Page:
By cold showers, I don’t mean the bucket of icy water you usually find in a public pool. This bucket is pure torture. Nothing but an abrupt shock that will send you screaming like a stuck pig. There isn’t much long-time acclimating about that. Instead, I take cold showers at home, where I gradually lower the heat. In the beginning, for every degree you turn down the thermostat, you can almost hear the screeching violins from Alfred Hitchcock’s bloody Psycho shower scene. The colder it gets, the louder the screeching. Every drop of cold water feels like the knife coming at you through the curtain. Panic creeps up on you. You feel like screaming and running away, but you know you won’t get far, all entangled in the blood-soaked shower curtain. You’re agonizing and you ask yourself – what’s the point of all this pain? Some will say it helps you develop brown fat and a more effective insulation against the cold. Others will tell you brown fat is bullshit. Personally, I don’t care whether it’s scientifically proven or not. After a couple of weeks, I found out I could start showering with cold(er) water right away. Taking cold showers is a process, and it’s helped me a lot – if not physically, then mentally. I don’t apprehend immersing myself into cold water anymore. The screeching violins have all gone silent. I have taken control of my fear.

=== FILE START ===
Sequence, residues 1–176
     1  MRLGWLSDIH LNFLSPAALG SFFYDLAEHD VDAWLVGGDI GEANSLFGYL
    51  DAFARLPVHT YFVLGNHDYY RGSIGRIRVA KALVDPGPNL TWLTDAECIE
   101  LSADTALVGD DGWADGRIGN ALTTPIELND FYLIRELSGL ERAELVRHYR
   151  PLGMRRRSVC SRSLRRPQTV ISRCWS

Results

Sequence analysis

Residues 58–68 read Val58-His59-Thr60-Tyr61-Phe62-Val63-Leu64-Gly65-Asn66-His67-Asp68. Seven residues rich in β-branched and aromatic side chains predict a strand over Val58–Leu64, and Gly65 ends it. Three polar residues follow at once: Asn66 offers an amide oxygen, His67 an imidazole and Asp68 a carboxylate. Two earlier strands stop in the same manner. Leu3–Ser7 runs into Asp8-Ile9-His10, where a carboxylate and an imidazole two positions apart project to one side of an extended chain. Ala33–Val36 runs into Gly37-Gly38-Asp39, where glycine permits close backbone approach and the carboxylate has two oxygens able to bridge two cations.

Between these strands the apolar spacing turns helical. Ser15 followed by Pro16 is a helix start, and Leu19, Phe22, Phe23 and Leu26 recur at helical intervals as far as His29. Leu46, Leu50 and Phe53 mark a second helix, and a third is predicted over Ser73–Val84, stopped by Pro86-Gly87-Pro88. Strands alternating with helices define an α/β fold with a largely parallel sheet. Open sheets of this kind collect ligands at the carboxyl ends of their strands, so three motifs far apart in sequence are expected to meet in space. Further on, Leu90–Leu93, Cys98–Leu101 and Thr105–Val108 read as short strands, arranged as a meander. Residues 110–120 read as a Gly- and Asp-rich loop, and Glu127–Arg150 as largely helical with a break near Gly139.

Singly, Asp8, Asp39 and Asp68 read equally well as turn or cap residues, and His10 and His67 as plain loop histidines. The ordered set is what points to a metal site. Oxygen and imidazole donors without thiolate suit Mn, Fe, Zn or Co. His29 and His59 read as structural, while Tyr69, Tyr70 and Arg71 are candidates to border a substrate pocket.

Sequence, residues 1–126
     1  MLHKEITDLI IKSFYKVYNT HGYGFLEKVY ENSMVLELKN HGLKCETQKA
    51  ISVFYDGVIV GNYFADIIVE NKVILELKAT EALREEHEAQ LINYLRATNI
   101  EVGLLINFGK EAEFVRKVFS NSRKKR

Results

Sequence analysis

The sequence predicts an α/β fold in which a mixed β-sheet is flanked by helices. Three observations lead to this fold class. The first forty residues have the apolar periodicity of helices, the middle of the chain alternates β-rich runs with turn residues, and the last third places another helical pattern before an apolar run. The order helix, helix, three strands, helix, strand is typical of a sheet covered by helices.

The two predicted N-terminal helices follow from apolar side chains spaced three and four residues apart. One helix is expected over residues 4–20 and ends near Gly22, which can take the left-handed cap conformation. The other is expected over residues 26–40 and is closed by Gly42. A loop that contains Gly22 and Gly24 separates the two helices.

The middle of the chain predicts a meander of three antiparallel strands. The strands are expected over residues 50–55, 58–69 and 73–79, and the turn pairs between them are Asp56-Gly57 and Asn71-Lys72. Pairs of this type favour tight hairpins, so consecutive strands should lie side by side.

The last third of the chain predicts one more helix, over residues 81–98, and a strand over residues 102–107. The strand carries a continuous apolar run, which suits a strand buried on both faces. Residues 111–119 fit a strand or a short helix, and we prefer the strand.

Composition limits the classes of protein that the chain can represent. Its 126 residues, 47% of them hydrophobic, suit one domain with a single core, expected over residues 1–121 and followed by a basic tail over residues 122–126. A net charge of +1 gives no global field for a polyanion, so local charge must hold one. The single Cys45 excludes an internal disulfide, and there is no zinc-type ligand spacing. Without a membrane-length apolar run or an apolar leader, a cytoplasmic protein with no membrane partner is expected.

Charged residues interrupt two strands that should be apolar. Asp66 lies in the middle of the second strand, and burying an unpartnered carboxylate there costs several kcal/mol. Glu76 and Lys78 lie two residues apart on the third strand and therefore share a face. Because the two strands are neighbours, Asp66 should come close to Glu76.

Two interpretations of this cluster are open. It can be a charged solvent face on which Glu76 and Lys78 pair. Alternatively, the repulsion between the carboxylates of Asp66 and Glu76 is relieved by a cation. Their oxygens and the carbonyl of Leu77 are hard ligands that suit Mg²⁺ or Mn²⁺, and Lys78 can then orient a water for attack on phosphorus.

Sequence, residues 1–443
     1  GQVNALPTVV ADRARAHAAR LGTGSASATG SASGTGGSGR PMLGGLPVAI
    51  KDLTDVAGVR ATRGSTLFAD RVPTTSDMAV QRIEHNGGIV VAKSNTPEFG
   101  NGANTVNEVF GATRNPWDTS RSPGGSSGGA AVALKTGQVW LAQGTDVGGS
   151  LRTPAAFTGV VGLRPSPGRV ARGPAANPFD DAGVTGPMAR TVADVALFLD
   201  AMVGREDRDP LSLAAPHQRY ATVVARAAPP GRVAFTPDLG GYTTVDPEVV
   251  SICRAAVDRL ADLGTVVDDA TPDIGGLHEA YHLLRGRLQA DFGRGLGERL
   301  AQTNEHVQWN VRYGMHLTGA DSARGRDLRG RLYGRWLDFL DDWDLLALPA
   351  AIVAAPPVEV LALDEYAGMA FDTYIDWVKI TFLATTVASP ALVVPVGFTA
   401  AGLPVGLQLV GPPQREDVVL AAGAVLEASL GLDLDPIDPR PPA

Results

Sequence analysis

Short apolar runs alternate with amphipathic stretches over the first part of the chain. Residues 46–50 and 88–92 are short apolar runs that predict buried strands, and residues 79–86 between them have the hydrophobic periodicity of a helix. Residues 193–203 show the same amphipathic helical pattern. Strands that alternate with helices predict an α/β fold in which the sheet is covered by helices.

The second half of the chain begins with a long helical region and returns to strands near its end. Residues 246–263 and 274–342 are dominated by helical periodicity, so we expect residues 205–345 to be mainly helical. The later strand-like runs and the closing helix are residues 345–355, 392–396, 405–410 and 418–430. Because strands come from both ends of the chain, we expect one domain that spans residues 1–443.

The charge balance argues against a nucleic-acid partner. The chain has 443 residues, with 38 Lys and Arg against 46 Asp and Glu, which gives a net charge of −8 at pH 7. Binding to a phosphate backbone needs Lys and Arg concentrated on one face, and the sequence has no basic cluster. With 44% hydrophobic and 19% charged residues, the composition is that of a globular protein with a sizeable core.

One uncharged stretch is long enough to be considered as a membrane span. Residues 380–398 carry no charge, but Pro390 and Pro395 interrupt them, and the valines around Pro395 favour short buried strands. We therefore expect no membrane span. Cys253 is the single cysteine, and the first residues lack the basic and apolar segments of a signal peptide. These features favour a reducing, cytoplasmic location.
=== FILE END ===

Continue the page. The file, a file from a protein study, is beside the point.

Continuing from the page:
Then comes my Swim’n’Freeze routine. This is the part where I consistently train in cold water, and that’s probably the part most people dread. You wouldn’t believe how much time swimmers spend on the beach or the harbour jabbering about the water temperature, how coooooooold it is, how awful it feels, how unbearable it is. Surely, those swimmers know how to get each other worked up. And I used to be one of them. But last time I checked, blubbering about the water temperature won’t make it rise. On the contrary, by the time you hit the ocean, the water will feel even colder. Remember – you get to feel what your mind focuses on. So, forget about the cold and think positive. Think about the cup of hot chocolate you’ll get when your swim is over – and move into high gear immediately! Don’t stand rooted on the spot, your arms curled up on your chest, gasping for air, waiting for Death to come and get you. You’re a human, not a damned penguin standing still in the middle of an Antarctic snow storm while incubating his precious egg in his brood pouch. You have only one way to counteract the loss of heat you experience as soon as you enter the water – it’s by producing heat! The same way you rarely freeze while running, working in the water will help you maintain a stable temperature. So, don’t waste your time. Cut the drama, hit the water and get straight to work. End of story!